GDS demise talk "wide of the mark", says the Institute for Government
Daniel Thornton of the respected IfG think tank predicts greater role in business transformation work for government departments
Civil servants should expect to see a refocusing of the Government Digital Service under new chief Kevin Cunnington but no weakening of its role, the Institute for Government has said.
Earlier this month the departure of Stephen Foreshew-Cain from the helm of the GDS sparked claims of a “Whitehall coup” over the central digital body’s remit.
Last week, CSW reported that Janet Hughes, programme director of the GDS’s flagship Verify identity-assurance scheme, had become the latest senior digital leader to announce her departure.
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One of new GDS director general Kevin Cunnington’s (pictured) first public acts in post was to state in his inaugural blog that the service was here to stay and would not be broken up.
Institute for Government programme director Daniel Thornton, who closely monitors the government’s digital operations, said Cunnington – who was previously director general for business transformation at the Department for Work and pensions – should be taken at his word.
Speaking to CSW's sister title PublicTechnology.net, Thornton pointed to the £450m funding settlement achieved by Foreshew-Cain for the GDS in last year’s spending review that will see it through the course of the current parliament, as well as to the glowing endorsement civil service chief executive John Manzoni gave to Cunnington on his appointment.
However he said it would be wrong to expect “more of the same” from the GDS under its new chief and predicted a greater role in business transformation work for government departments in addition to continuing work to make the government’s online presence more user-friendly.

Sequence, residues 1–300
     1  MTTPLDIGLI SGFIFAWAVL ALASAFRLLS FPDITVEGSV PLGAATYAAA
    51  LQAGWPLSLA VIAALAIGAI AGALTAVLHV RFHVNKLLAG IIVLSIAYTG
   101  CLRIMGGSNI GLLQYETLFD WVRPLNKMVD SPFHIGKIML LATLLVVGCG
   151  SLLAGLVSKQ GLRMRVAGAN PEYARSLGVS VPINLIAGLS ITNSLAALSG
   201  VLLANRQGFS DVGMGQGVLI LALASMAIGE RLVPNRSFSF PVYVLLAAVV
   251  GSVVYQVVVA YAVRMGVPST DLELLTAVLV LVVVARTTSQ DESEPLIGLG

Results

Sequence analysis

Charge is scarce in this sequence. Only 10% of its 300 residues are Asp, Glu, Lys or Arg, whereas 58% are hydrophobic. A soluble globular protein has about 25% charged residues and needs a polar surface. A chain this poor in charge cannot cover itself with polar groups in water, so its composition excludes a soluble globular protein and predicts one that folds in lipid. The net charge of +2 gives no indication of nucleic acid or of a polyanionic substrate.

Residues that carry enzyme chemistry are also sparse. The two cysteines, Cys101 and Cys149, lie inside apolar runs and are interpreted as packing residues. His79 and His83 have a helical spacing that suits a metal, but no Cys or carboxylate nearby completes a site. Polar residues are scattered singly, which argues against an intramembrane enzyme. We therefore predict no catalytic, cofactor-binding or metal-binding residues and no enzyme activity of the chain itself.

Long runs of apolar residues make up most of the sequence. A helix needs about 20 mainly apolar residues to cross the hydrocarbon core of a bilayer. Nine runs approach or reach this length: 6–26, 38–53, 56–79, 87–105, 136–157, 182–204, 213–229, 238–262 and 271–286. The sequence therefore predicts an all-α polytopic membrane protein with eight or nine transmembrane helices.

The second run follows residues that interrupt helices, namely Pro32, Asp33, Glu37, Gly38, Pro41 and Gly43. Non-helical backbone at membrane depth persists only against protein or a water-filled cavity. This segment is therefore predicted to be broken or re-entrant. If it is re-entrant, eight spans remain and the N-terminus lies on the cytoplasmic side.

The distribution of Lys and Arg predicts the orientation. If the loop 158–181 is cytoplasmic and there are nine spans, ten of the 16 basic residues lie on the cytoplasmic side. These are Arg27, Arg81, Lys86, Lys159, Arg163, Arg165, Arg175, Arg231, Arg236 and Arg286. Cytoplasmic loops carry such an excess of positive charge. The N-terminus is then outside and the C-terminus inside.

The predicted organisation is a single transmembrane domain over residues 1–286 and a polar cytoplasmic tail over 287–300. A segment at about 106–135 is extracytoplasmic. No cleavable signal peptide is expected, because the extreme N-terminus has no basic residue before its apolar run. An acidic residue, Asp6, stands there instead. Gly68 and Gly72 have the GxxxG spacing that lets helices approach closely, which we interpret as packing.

“Kevin moving to the GDS is fine and a good thing,” he said. “We [at the IfG] feel very aligned with where he’s at.
“Recently there’s been a lot of talk of government departments ’gutting’ the GDS, which is rather wide of the mark, I think. Instead, what we’re seeing is more of a continuing evolution of GDS.”
Thornton said he expected Cunnington to look to build on his DWP successes at GDS.
“Where Kevin has more experience is in how to transform services end-to-end and deal with legacy services,” he said.
“He has perspective on the role of digital, and on digital as a driver of transformation, not just changing websites.”
Thornton said he believed Foreshew-Cain had been “already starting” to take the GDS in the direction he predicted Cunnington would.
Reports that HM Revenue & Customs has been working on its own customer-identification package rather than looking to use GDS’s Verify have contributed to claims that central-versus-departmental tensions are threatening the GDS’s future.
But Thornton said that while it was preferable for government departments to use standardised products to suit their needs, HMRC would have a sound basis for prioritising a solution that worked in its best interests.
“If we look at what the strategic things are that the government needs to get right, then verifying people’s identity is clearly one of them,” he said.
“If HMRC wants to reduce fraud, it’s not about better service for customers, it’s about better service for the taxpayer – the nation as a taxpayer, rather than individuals. Added to which, HMRC needs something that will work with businesses as well as individuals.”
Thornton said he expected reviewing the “take-up” of GOV.UK Verify, GOV.UK Notify and GOV.UK Pay would be on Cunnington’s to-do list.
In his first – and so-far only – blog entry in his new post, Cunnington said he intended to spend his first few weeks getting to know his team and their ideas, thoughts, and concerns before reporting back with his next online update.
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